Daytona Beach Economic Board Discusses Economic Impact of Development

Daytona Beach Economic Board Discusses Economic Impact of Development

There was not much on the agenda for the Daytona Beach Economic Development Advisory Board meeting this month, but members used their time to talk about how they could be more effective in the city’s economic development efforts.

Jeff Brown, Daytona Beach economic and strategic opportunities director, briefed the board on certificates of occupancy issued recently in the city.

“These numbers are down as opposed to this same time last year,” Brown said. “So, we are starting to see a little bit of a slowdown in housing.”

Asked about permit activity for multifamily housing projects, Brown said permit activity isn’t always a good indication of what is really happening.

“You can get issued a permit and they can get sat on,” he said. “That is why I look at certificates of occupancy because those are units actually constructed.”

Advisory Board Chairman Bob Rand said tighter lending for residential projects has slowed on multifamily development nationally.

“I don’t think Florida has slowed that much,” he said. “I think Florida is the exception and I will be interested to see how this unfolds.”

Brown said he recently met with a Canadian manufacturing company considering an expansion to the Sunshine State.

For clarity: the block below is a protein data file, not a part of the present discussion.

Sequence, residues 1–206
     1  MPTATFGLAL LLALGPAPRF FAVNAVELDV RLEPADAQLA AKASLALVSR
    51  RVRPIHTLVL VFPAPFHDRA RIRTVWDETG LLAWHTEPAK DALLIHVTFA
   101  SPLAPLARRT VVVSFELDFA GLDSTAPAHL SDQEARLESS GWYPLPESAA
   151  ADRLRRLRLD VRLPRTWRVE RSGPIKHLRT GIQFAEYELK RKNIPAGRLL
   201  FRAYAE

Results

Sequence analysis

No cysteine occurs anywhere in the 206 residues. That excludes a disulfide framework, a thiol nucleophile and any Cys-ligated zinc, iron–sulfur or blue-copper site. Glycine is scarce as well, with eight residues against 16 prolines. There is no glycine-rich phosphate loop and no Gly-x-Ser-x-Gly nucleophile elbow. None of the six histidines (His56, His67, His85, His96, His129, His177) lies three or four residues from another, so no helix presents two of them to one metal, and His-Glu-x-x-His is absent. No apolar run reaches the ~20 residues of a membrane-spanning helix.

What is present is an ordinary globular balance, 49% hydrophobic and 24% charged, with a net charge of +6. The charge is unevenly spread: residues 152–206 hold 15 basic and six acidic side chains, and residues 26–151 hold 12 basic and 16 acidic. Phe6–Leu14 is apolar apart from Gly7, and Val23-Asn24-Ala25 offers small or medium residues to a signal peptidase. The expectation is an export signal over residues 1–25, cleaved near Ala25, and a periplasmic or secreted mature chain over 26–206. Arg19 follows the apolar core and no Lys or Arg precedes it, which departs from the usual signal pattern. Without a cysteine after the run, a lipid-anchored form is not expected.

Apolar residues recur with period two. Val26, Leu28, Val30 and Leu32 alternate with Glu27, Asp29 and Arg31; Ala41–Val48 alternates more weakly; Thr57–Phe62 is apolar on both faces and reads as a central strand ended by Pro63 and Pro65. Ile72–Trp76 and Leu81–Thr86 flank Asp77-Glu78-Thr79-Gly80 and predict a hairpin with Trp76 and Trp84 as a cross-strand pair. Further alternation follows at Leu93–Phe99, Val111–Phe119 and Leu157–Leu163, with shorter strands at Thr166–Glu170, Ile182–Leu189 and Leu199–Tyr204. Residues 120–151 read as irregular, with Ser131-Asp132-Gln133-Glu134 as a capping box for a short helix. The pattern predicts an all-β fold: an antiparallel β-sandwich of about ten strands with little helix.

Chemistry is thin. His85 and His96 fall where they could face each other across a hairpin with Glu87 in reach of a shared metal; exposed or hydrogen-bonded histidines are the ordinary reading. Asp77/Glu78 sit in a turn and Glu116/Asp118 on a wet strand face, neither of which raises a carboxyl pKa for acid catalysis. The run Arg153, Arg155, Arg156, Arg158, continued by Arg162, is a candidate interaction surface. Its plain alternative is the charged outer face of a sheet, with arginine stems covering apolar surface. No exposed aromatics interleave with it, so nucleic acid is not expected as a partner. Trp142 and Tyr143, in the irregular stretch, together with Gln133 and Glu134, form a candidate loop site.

“They do a lot of work in aerospace and military,” he said. “They’re looking to move, and they also do some cybersecurity. They’re looking to slowly move into the area.”

Brown said the company is interested in moving some office staff and some engineers but has not specified how much space they are seeking.

“Not a lot of people are looking for office space,” he said. “I need to get them nailed down on what size they need.”

Board members spent some time discussing the possibility of reviewing the potential economic impact of projects in the city as companies go through the development process.

“I’m wondering if this body could play a role in assisting staff or an applicant of reviewing the economic impact and maybe have ourselves be available to a developer or an applicant to come in and give a presentation,” said board member Harry Lloyd. “I’d like to have the board consider this.”

Katrina Friel, Volusia County Economic Development business manager, said the county can do economic impact studies.

“Any project you need we can run for you,” she said.

Friel said it is important to know who the end users for a development project are to do an accurate impact assessment.

“Economic impact is going to be based on the number of jobs, the wages and what those jobs are,” she said. “So higher paying jobs that have higher skills are going to have a higher economic impact on the area.”